Kate Woodman of Newburyport, Mass., is surprised to see a live chicken strutting around a Boyle Heights back yard. "That's the last thing I imagined I'd see in L.A.," she says. "It feels like I'm in another country."
Dennis Chen of Honolulu is fascinated by the peaceful and well-maintained side streets in some neighborhoods hit by the 1992 riots. "It doesn't look like the Bronx or South Chicago," he says. "Just by the reputation in the past, one would think it would look more depressing."
And the sheer enormity of the Los Angeles flatlands is making a deep impression on Reagan Reep of Jacksonville, Fla. "It's so vast. I've never seen so much of the same kind of run-down, overpopulated area. It just goes on and on and on," she says.
Woodman, Chen and Reep and 27 other out-of-towners are on a bus, taking in sights in Downtown, on the Eastside, in Watts and South-Central that most tourists never glimpse and that some Angelenos avoid.
"The Real L.A." tour was offered Friday and Saturday as part of the American Institute of Architects' national convention, the first in Los Angeles since 1956.
To be sure, the convention also sponsored tours of glitzy Beverly Hills shopping streets and Malibu mansions by the sea. But "The Real L.A." guide, local architect Carlton Davis, wanted to show a more diverse city, one of lively ethnic markets, graffiti-marked gang turf, endless railroad spurs and cozy bungalows with rose gardens out front.
"I want to get beyond the myth of glamour and the more recent images of total destruction," said Davis, whose design work includes the Los Angeles Mission, a large homeless shelter on Skid Row.
"Many people who think they know Los Angeles, they know images of L.A. from Downtown to the beach, nothing to the east and nothing to the south. My philosophy is to make the rest of the city more well known," he said.
Architects and their relatives, he assumed, might be more receptive to exploring urban life than a gathering of, say, dentists.
Everyone boards the sightseeing bus at the new Convention Center in Downtown. Soon they are cruising past the historic movie palaces on Broadway. Then the bus hooks through Skid Row. Some homeless men on San Julian Street glare angrily at the tourist invasion while other flash peace signs.
The bus then drives through the Civic Center and Chinatown, past Union Station and the new high-rise County Jail and over the Brooklyn Avenue Bridge to Boyle Heights.
"That's the river?" several passengers ask in unison upon seeing the concrete ditch that carried a murky trickle. Yes, indeed, Davis answers, helpfully adding that a band of homeless South American transvestites is living under a nearby bridge.
(Parts of this four-hour itinerary would never meet traditional Chamber of Commerce standards.)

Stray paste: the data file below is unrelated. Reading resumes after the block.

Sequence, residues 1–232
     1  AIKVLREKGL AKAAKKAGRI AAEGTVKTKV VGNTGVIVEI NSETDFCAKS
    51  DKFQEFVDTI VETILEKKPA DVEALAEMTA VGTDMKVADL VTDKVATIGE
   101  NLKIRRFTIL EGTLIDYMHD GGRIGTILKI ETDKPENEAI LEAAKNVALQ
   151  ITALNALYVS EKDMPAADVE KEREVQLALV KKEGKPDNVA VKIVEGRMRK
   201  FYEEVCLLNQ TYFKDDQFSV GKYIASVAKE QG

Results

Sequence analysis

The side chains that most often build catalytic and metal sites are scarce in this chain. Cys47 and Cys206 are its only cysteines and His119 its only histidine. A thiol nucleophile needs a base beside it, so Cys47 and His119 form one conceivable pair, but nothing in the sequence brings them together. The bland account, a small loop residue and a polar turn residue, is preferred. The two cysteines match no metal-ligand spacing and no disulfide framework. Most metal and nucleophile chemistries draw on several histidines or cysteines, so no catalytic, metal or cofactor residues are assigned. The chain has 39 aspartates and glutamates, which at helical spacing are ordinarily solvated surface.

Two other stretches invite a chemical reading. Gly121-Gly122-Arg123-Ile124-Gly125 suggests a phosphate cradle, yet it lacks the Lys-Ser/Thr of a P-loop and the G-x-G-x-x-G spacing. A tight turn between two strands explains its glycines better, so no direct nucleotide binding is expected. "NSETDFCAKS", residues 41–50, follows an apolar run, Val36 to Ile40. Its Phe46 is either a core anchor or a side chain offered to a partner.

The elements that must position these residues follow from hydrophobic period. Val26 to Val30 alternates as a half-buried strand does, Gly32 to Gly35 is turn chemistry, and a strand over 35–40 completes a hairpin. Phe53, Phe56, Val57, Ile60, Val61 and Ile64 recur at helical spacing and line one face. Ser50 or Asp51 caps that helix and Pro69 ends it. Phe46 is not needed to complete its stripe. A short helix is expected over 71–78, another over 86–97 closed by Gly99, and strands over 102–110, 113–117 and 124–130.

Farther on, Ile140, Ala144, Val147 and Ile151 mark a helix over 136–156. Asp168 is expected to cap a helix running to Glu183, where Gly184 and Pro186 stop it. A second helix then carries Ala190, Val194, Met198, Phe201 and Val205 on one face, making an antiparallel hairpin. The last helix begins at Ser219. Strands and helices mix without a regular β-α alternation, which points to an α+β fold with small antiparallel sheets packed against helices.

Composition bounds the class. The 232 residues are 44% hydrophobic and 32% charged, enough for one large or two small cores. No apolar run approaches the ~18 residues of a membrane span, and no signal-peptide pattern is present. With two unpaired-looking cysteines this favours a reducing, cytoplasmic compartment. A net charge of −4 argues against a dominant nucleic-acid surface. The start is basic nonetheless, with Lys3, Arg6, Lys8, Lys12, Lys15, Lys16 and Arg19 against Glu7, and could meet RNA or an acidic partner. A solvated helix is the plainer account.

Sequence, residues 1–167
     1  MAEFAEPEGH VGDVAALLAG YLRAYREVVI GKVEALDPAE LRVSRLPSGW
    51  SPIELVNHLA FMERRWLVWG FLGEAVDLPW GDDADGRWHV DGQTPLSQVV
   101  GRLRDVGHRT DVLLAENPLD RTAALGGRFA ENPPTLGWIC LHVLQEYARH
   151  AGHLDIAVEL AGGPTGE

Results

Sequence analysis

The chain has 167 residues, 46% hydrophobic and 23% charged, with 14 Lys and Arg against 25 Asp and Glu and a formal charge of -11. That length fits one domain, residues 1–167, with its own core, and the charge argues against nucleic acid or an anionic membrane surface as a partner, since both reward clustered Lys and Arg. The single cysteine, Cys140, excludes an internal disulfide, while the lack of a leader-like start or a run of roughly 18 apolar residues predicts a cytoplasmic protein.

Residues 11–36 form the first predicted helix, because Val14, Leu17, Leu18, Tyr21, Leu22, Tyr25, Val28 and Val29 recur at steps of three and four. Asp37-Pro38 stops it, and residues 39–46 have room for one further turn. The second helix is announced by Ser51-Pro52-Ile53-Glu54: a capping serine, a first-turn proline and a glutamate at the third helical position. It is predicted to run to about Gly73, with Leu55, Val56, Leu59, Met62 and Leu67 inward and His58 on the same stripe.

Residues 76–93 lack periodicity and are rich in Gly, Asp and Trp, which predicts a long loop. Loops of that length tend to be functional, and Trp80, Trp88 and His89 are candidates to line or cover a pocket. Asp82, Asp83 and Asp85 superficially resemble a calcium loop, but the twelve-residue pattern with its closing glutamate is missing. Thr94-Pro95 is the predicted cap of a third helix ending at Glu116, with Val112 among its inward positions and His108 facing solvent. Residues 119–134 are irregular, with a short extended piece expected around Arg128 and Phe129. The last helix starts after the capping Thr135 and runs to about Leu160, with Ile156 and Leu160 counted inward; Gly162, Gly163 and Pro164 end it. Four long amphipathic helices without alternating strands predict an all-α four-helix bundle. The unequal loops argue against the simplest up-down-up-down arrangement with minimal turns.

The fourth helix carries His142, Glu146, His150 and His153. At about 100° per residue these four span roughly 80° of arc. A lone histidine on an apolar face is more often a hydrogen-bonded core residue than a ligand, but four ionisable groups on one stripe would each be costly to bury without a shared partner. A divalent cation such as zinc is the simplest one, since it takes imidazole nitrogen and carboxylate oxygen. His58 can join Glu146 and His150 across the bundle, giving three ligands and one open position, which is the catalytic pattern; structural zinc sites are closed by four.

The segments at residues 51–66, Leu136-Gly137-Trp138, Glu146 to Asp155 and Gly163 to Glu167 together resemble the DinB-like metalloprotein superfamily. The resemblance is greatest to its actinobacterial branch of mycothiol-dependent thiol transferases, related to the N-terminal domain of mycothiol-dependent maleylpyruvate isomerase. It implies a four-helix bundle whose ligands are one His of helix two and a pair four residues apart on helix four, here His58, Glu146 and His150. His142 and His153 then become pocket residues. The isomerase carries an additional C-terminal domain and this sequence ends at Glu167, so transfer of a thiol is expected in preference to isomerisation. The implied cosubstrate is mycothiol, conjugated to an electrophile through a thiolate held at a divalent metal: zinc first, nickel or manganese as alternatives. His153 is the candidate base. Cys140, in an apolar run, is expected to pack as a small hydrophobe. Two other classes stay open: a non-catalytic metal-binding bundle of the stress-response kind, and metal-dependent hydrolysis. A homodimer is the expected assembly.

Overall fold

Through Boyle Heights, Davis explains how a once-largely Jewish neighborhood had become a Latino community. To emphasize the point, the bus stops at the El Mercado shopping complex for some churros, then later pauses in the evocative Home of Peace Memorial Park, the oldest Jewish cemetery in Los Angeles and final resting place of Hollywood moguls Jack Warner and Samuel Goldwyn. Japanese temples and community centers are also on the Eastside route.
For Lynn George, Los Angeles' ethnic mix of Latino, Anglo, African American and Asian seems much more varied than back home in Pittsburgh. "Here you really have a feeling of a melting pot, as if it's very fluid," she said. "This city really does turn over."
And, Davis stresses, it is a city that changes block to block. Just off the bustling shopping district of Whittier Boulevard--where he salutes the blue-and-yellow-tiled Pedorrero muffler shop--he points out quiet side streets and homes with astonishingly lush gardens. Suddenly the peace ends and an industrial zone begins. Through the gritty Alameda corridor of factories and railroads, the bus aims for the Watts Towers, then up Central Avenue to one of the 1992 riot zones.
The many empty lots remaining from the arson fires around Florence and Normandie and along Vermont Avenue fit into the ever-mutating urban landscape, Davis tells the bus riders: "It's sort of like everyday L.A. One day you pass a building on a street in L.A. and the next it's gone. Something else has replaced it. This city is constantly changing."
New mini-malls, supermarkets and fast-food joints are sprouting on lots left empty from the civil disturbance, but not enough to soften the shock for some visiting architects and their families.
Earlier Friday, Arkansan Sue Gaskin--a first-time visitor to Southern California--had toured multimillion-dollar homes in Bel-Air with fellow conventioneers. Now, as the "Real L.A." bus passes Pico-Union streets with traffic barricades to discourage drug dealing, she is finding it hard to comprehend that she is in the same city.
"It's just from one end to the other, as far as extremes go," the Little Rock, Ark., resident remarked as the bus neared the Convention Center again. "You have everything and anything here."